One thing you do need to be careful of is not allowing Boston ivy to grow on trees. Unfortunately, the vine will cast a lot of shade on the tree, inhibiting its photosynthesis process and preventing much-needed nutrients from reaching the tree.
The Boston Ivy does well in both partial shade and full light, so you can’t really go wrong with where you decide to plant it. However, if you want to truly enjoy its peak red colours in the fall, you need to ensure the creeper has access to full sun.
Growing and caring for your Boston ivy is not difficult at all. It is a very strong and healthy plant, meaning it does not need much to survive. As long as you provide it with bright to moderate sunlight, the foliage will grow to show its true red colours during the fall. It is due to these auburn shades that the Boston ivy is used so often to mask the façade of buildings and walls.
Watering Boston Ivy
An easy-to-care-for plant, Boston Ivy has moderate water needs. During its first growing season, you will need to help the roots develop by watering the plant thoroughly. After this, you are good with only watering your Boston Ivy once a week during colder seasons and once every few days during the summer or if you live in a hot climate.
The plant does well in all kinds of climates, so you don’t have to worry too much about temperature and humidity. While cold winters may damage the plant, it will usually recover during spring and summer.
If you are growing your Boston Ivy outdoors, it is not always necessary to fertilize it. if you want to give your plant a boost, we recommend you apply a fertilizer that is high in phosphorus during planting. This encourages the development of the root so that your Japanese creeper grows strong.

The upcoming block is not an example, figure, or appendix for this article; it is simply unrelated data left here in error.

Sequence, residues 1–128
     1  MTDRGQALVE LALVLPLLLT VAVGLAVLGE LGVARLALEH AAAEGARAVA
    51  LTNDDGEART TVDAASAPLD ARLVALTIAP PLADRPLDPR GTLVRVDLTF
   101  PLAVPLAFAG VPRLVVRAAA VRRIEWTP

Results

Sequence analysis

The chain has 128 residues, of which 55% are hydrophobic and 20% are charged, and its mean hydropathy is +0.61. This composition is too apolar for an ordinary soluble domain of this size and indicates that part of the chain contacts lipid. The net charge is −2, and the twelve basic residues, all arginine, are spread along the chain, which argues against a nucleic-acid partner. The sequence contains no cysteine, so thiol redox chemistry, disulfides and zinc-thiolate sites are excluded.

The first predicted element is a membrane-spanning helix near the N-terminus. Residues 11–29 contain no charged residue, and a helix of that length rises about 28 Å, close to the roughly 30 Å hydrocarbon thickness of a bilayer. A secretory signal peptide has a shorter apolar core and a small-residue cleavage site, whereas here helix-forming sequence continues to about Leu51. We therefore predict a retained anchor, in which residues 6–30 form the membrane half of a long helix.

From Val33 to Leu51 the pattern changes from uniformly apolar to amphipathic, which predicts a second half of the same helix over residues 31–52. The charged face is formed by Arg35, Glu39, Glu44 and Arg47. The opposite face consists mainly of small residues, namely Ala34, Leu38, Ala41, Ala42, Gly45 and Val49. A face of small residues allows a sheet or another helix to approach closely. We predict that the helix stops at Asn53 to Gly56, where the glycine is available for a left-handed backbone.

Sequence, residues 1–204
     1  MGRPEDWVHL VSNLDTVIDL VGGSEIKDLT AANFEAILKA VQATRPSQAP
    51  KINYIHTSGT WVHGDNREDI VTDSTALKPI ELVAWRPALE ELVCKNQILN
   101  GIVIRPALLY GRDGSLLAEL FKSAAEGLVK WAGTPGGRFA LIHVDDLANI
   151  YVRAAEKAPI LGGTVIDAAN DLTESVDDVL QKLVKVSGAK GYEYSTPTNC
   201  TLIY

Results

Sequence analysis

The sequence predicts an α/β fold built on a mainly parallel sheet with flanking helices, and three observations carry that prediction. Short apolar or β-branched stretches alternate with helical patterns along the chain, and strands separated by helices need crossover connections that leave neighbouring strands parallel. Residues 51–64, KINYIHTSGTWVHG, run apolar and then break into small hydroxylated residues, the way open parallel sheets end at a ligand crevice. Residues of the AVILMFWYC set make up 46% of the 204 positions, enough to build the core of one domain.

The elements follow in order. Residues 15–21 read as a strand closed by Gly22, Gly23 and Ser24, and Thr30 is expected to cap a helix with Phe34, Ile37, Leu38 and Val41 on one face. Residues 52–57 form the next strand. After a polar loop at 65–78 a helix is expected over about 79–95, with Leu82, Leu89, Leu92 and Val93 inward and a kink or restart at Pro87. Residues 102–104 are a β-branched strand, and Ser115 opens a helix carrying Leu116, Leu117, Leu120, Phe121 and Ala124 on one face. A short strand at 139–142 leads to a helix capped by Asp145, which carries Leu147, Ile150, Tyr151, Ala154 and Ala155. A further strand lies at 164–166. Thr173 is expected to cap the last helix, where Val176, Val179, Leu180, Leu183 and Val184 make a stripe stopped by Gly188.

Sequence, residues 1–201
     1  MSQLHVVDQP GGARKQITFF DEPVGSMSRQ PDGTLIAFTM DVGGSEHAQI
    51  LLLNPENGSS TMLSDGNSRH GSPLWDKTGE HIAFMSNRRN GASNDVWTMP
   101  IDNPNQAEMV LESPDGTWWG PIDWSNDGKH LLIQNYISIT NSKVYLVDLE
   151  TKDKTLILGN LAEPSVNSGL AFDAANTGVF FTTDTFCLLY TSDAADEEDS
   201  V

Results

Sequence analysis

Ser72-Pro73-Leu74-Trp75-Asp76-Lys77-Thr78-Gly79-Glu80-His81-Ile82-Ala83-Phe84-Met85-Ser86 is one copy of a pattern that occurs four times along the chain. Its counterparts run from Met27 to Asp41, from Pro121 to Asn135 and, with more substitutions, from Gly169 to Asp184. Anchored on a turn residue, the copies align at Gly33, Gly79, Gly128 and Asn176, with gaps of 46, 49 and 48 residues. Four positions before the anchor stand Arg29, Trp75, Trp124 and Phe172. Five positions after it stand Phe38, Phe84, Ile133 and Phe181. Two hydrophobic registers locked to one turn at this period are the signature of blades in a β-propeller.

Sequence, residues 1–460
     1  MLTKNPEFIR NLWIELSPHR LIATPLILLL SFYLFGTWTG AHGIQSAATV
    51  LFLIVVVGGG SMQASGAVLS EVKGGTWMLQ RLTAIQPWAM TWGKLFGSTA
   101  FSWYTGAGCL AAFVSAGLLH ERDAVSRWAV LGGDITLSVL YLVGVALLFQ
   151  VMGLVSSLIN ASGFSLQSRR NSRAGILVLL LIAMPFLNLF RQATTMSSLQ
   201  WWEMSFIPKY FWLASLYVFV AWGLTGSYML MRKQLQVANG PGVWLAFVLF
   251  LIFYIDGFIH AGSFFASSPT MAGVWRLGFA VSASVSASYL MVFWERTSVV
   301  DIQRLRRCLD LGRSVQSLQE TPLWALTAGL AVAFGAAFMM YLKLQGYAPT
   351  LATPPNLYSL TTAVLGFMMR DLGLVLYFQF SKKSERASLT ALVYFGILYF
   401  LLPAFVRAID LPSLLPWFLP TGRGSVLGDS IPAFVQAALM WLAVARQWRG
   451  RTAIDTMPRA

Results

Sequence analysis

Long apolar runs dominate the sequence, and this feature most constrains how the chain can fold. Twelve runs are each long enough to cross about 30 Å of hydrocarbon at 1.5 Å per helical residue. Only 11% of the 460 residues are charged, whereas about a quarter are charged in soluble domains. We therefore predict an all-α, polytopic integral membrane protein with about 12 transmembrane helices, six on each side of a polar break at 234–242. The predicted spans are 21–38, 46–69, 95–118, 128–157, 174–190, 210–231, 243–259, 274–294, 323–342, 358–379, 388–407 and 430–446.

While Bost Ivy prefers moist soil, this Japanese creeper will not be too upset if you forget to water it, as it can withstand dry soil as well. This applies to both potted and outdoor grown plants, but do keep in mind that a potted Boston ivy with soil that is constantly dry will often appear wilted.
Propagating Boston Ivy
Propagating Boston ivy can seem a bit intimidating at first, but if you follow the instructions, you should be able to have as many baby plants as you need. It’s best to propagate this plant It is best to propagate it during the spring, to maintain the growth cycle.
Remove cuttings that include five to six nodes from a healthy plant. Make sure you remove all but two pairs of leaves from the cuttings you get, then apply rooting hormone to the side of the cutting you are going to place into the soil. Plant the cutting in a pot with either a cactus mix or a perlite and peat moss blend. Always water your baby plants from the bottom, to stimulate the roots to grow downwards. Once the roots have developed, your little Japanese creepers are ready to be transplanted into a permanent pot or into the yard.
There is also the option to propagate Japanese Ivy by using seeds that you can collect from its berries, but it can be a lengthy process. You will need to harvest the berries when they are ripe, then carefully remove the seeds. Your next step will be to wash the seeds and let them dry on some paper towels. Place the seeds in a container filled with loose sand and store them in a refrigerator for two months, to simulate the natural cycle of the plant. You can plant the seeds in early spring, either indoors or out, about half an inch into the soil, and water them thoroughly until the ivy sprouts and starts growing.
Killing Boston Ivy is almost impossible as it can tolerate neglect even as a potted plant. Its easy-going nature makes it a great gift for someone that is just starting to get into gardening. When grown indoors, Boston Ivy can be guided towards which areas to climb on and can be pruned to get the desired aspect. Do not fear you will damage the plant by pruning it – Boston ivy has no problem to be styled exactly how you want it.
There’s really not much to worry about when caring for Boston ivy, so you can’t go wrong by adding it to your garden, especially if you are looking for a way to create shade and protect yourself from heat during summer.
Are you growing Boston Ivy? Share your experience in the comments below!